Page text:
- Marc Staal had surgery to remove a bone chip in his ankle last week, he is expected back for opening night.
- Dan Girardi also had surgery for a bursa excision. He is also expected back for opening night.
- The Arizona Coyotes had their sights set on goalie coach Benoit Allaire, but Allaire turned them down, preferring to stay with New York as part of a long-term approach. Allaire has worked with Henrik Lundqvist and Cam Talbot to great success, and will be working with Mackenzie Skapski as well.
- Jeff Gorton appears to be the heir apparent to Glen Sather, if he steps down. The Rangers denied the Maple Leafs and Bruins interviews with the Assistant GM.
Got four questions for the mailbag, so let’s have at it.
Q (More of an FYI, from Ray): I questioned the SAT data showing the Lightning dominated the first two periods of Game 6 in a BSB comment. Anyway, I actually didn’t watch the game live – I taped it -and so I could revisit it. I tried to keep track of zone time in the first period (too mindless to do the entire game).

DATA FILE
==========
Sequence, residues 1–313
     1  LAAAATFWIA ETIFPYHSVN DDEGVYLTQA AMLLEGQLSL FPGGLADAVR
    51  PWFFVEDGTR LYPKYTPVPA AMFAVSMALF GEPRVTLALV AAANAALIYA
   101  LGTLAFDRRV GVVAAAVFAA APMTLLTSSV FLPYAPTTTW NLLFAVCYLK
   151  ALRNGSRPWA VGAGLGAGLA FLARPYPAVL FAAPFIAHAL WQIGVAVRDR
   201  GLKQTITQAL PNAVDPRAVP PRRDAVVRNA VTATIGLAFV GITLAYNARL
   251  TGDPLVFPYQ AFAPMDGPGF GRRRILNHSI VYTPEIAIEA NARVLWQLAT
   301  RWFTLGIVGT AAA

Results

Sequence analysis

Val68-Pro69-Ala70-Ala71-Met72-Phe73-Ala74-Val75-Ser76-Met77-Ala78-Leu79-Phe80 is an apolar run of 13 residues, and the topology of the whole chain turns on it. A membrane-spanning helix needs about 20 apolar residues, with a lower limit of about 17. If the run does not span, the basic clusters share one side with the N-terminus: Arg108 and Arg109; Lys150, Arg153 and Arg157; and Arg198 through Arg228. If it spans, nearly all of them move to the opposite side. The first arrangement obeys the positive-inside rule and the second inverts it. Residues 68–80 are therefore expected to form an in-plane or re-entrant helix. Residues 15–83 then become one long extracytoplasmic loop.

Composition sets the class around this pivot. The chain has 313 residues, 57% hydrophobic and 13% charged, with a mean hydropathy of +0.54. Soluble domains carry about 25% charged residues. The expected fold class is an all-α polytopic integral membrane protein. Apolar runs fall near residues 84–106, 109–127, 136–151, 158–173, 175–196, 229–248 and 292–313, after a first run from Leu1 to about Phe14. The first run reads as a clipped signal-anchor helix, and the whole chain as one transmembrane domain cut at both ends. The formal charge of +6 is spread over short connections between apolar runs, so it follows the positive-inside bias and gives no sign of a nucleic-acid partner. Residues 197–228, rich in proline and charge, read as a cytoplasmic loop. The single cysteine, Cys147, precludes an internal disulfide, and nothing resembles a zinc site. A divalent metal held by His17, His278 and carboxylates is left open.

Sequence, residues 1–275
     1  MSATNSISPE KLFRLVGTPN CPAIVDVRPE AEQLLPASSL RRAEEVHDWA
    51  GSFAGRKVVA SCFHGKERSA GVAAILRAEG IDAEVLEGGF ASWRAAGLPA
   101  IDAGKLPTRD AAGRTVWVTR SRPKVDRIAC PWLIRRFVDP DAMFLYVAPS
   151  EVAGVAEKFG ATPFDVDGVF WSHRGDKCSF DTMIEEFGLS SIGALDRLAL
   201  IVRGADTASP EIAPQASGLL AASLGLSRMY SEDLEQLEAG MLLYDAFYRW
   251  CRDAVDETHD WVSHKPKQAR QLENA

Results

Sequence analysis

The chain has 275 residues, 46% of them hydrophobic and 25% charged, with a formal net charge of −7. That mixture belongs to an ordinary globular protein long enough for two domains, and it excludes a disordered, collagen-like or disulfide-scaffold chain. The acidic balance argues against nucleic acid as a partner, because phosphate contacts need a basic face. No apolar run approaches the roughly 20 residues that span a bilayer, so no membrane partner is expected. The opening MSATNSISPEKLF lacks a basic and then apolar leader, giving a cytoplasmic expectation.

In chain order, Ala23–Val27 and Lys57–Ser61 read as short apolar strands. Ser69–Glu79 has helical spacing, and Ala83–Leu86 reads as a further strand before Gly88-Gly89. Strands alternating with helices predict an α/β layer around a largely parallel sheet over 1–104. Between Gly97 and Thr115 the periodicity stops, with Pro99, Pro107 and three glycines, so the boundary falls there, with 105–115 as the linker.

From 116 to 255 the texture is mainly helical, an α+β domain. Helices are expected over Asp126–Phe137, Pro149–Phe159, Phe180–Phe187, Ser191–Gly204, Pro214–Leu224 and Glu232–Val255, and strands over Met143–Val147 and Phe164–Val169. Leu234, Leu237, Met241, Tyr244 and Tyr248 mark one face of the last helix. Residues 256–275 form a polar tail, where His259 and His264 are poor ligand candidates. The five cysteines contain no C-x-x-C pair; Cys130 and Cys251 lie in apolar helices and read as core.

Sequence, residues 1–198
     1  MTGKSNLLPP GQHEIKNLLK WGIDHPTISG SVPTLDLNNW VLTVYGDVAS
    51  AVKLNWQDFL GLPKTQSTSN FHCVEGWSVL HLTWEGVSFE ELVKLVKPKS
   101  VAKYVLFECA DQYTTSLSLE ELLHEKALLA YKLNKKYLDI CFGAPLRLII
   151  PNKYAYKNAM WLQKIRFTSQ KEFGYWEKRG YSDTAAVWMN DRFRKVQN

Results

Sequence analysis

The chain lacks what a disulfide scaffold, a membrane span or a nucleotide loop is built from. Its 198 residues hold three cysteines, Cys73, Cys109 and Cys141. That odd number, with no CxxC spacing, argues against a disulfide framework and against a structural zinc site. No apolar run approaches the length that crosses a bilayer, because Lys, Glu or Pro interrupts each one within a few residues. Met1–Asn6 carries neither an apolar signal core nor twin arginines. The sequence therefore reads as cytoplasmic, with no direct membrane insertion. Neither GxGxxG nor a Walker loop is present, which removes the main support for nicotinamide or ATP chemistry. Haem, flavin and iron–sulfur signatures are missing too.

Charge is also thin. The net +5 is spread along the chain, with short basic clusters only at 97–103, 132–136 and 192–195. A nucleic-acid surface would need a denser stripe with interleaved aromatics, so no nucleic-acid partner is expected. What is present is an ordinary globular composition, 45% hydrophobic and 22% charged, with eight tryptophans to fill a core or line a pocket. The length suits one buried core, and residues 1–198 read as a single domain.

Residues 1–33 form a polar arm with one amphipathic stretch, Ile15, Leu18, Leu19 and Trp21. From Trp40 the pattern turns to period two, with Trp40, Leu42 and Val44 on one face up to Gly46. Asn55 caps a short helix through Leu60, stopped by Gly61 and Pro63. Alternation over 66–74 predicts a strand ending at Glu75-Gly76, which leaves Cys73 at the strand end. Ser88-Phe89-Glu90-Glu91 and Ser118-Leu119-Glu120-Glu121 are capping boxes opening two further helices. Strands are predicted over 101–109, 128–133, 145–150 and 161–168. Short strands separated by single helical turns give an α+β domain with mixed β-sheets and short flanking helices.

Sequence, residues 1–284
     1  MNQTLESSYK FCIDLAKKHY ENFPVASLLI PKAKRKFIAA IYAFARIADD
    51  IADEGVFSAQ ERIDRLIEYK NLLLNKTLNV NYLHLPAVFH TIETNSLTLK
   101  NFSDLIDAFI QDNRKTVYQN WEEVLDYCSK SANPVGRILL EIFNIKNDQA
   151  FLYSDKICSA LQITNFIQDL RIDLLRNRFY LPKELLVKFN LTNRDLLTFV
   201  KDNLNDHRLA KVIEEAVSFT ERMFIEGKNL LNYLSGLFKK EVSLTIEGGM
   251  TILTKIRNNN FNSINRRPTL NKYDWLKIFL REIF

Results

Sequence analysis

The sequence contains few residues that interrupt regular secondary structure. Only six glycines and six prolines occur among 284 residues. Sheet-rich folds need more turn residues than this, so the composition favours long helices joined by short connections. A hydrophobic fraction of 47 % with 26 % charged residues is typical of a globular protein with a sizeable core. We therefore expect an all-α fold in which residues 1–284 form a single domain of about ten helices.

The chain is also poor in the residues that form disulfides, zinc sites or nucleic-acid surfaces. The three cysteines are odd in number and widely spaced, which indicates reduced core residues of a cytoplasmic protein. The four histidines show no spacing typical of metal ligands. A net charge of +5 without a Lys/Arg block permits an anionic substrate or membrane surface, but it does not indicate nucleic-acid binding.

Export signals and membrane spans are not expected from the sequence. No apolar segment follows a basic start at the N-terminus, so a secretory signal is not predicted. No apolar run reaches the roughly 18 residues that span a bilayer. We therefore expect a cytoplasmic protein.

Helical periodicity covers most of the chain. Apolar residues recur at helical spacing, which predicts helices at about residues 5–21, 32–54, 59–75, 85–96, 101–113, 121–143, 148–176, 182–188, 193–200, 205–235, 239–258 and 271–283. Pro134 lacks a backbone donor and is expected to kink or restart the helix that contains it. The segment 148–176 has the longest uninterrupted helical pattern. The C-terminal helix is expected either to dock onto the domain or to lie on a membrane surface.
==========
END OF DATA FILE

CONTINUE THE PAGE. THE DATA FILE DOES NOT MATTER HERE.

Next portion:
My numbers aren’t perfect, I’m sure, but they are unbiased with presumably small errors which likely mostly balance out.
I believe OZ time itself is a better indicator of possession, but the NHL stopped tracking it in 2001 for some reason. We use SAT because, logically, if you have the puck in the offensive zone, you are getting shot attempts. Yes, this does undervalue the cycle, and wearing down and pinning the opposition, but the goal of the cycle is to get shot attempts. You can cycle all you want, but if you don’t get shot attempts, the puck won’t go in.
Your email was very detailed. I’m posting the full email in the comments so that people can discuss.
Per Larry Brooks, Glen Sather is considering stepping down as General Manager of the New York Rangers. Slats has been GM since the 2000 season, and has been apparently grooming Assistant GM Jeff Gorton to replace him (which is why Slats denied teams the ability to interview Gorton this season).
Slats’ pre-salary cap run was mired with unsuccessful big-money signings and trades, aimed at buying a Stanley Cup. With the salary cap in place, Slats has seen the Rangers make the playoffs nine of the last ten years, with two runs to the Eastern Conference Final and one to the Stanley Cup Final in the past four years.
This does not mean that Slats is stepping down. In the article, Slats clearly states he is undecided about his future.